Ugandan Members of Parliament have urged telecommunication service providers to adopt more friendly data and voice bundles.
According to the MPs, this is intended to ensure that consumers of communication services get quality, reliable and affordable communication services to widen Information Communication Technology (ICT) penetration as a key driver of economic growth.
While chairing the House on Wednesday, Deputy Speaker Thomas Tayebwa tasked the Uganda Communication Commission (UCC), the national regulatory body of the communications sector to engage these companies to exclusively provide unlimited data and voice call bundles that do not expire.
“This issue of expiry of data and voice bundles needs to be addressed. How do you tell me that bundles have expired? Technology has no expiry date. In many countries, one is only required to reactivate the bundle; it’s like money on your account where the bank tells you that your account has become dormant, it is then reactivated and you can access your money,” Tayebwa said.
He also urged UCC to direct telecom service providers to remove interconnection fees that have created unhealthy monopolistic tendencies, making it costly for subscribers to make calls across other networks.
The discussion was premised on the report of the Committee on ICT and National Guidance on the petition of Kawempe Division South constituents on unsatisfactory and unfair service delivery by telecommunication and television service providers in the country.
According to the report presented by the committee chairperson, Hon. Moses Magogo, Ugandans continue to pay heavily in their bid to access telecommunication services characterised by dropped calls, exorbitant rates on data bundles, unrealistic consumption patterns and expiry of internet bundles among others.
The committee in their report recommended that the regulatory body enhances sensitisation of the public on the various data and voice bundles for use and encourage telecom service providers to provide friendlier bundle subscriptions.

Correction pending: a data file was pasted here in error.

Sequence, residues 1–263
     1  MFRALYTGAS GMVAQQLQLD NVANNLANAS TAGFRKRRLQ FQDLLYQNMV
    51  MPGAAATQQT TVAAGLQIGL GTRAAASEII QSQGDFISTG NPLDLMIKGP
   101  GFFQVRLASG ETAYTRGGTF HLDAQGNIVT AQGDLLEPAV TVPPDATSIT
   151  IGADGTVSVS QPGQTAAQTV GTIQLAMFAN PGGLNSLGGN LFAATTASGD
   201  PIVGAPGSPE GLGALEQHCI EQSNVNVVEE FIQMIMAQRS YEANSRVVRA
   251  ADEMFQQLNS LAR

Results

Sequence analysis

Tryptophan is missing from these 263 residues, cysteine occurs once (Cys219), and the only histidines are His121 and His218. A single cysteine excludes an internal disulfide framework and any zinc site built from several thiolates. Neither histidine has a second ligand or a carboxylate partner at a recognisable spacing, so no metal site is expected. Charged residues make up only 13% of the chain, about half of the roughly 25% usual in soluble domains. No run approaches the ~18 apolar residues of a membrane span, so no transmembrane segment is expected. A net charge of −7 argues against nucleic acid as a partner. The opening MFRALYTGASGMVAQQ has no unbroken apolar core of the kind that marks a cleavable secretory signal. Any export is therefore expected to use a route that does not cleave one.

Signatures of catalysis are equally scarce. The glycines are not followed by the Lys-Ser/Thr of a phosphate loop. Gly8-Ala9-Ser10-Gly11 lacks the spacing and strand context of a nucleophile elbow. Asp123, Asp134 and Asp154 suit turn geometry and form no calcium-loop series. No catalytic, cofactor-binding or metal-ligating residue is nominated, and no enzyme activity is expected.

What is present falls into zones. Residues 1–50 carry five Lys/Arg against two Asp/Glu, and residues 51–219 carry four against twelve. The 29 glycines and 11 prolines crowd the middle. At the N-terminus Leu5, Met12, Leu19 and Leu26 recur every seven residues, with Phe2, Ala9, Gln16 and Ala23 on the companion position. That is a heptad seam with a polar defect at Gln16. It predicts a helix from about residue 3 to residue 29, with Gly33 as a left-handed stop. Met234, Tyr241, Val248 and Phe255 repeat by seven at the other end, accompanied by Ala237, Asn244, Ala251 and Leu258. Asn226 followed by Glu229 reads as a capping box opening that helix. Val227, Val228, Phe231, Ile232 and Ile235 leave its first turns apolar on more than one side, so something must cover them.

“UCC should also enhance engagements with the telecommunication operators to develop and provide a broad range of bundles that will encourage customers to access internet and call subscriptions,” Magogo said.
Recently, telecom operators have come up with a range of pricing packages which give consumers an opportunity to choose ranging from time-bound bundles or unlimited bundles that do not expire like the MTN Freedom Bundles, Airtel’s Chillax Bundles and Smile Telecom’s Forever Bundles.
According to Napak district Woman MP, Hon. Faith Nakut, lack of affordable internet accessibility has hampered the implementation of the government’s new curriculum in secondary schools.
“Secondary schools are implementing a curriculum that requires students to do research, but access to internet data is still limited. How are we managing these children? The Ministry of ICT should negotiate for lower internet rates for our children in schools especially those in rural schools,” Nakut said.
Hon. Ibrahim Ssemujju (Kira Municipality) said it is high time the government stopped considering access to the internet as a luxury, but rather a right.
“Agro-processing, ICT and tourism have been identified by government as key priorities, but ICT sector has been abandoned to private players, that is how we are able to nearly sell all equipment that UTL had to private players,” Ssemujju said.
Hon. Joyce Acan (Persons with Disabilities) raised concerns of cyber security where unscrupulous people are swapping customer’s sim cards and using them for fraudulent and heinous acts.
For Hon. Muhammad Nsereko (Kampala Central Division), this fraud in the mobile money sector is due to gaps in the cyber security space.
“The cloning of sim cards is done technically from the devices. Each device has the International Mobile Equipment Identification number (IMEI) and if someone gets into your IMEI and into your Integrated Circuit Card ID then they will clone your sim card without having it; they become men in the middle and can intercept all your phone calls,” Nsereko said.
According to the committee report, poor quality of telecom services is as a result of internal and external factors such as caller movements from over-served to underserved areas and unfavourable socio-economic factors.
The report also attributed the poor quality of services in the country to vandalism and theft of communication infrastructure equipment, unreliable power supply, especially in rural areas where the country’s largest electricity distributor’s (umeme) supply is erratic.
For television service providers, the committee recommended that a billing policy is issued to regulate the payment structure in order to ensure that pay-TV subscribers only pay for the time and content they are viewing.